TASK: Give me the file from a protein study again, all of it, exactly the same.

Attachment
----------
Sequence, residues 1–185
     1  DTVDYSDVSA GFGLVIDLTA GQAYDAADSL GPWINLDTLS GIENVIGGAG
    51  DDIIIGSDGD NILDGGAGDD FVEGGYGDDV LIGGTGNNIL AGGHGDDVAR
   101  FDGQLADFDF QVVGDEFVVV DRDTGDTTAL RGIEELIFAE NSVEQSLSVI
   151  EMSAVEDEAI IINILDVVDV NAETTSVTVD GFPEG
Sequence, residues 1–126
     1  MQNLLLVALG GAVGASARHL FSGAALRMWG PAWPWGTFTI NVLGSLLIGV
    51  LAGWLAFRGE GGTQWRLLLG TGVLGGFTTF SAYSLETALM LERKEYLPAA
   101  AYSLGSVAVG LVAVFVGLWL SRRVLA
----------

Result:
Sequence, residues 1–185
     1  DTVDYSDVSA GFGLVIDLTA GQAYDAADSL GPWINLDTLS GIENVIGGAG
    51  DDIIIGSDGD NILDGGAGDD FVEGGYGDDV LIGGTGNNIL AGGHGDDVAR
   101  FDGQLADFDF QVVGDEFVVV DRDTGDTTAL RGIEELIFAE NSVEQSLSVI
   151  EMSAVEDEAI IINILDVVDV NAETTSVTVD GFPEG
Sequence, residues 1–126
     1  MQNLLLVALG GAVGASARHL FSGAALRMWG PAWPWGTFTI NVLGSLLIGV
    51  LAGWLAFRGE GGTQWRLLLG TGVLGGFTTF SAYSLETALM LERKEYLPAA
   101  AYSLGSVAVG LVAVFVGLWL SRRVLA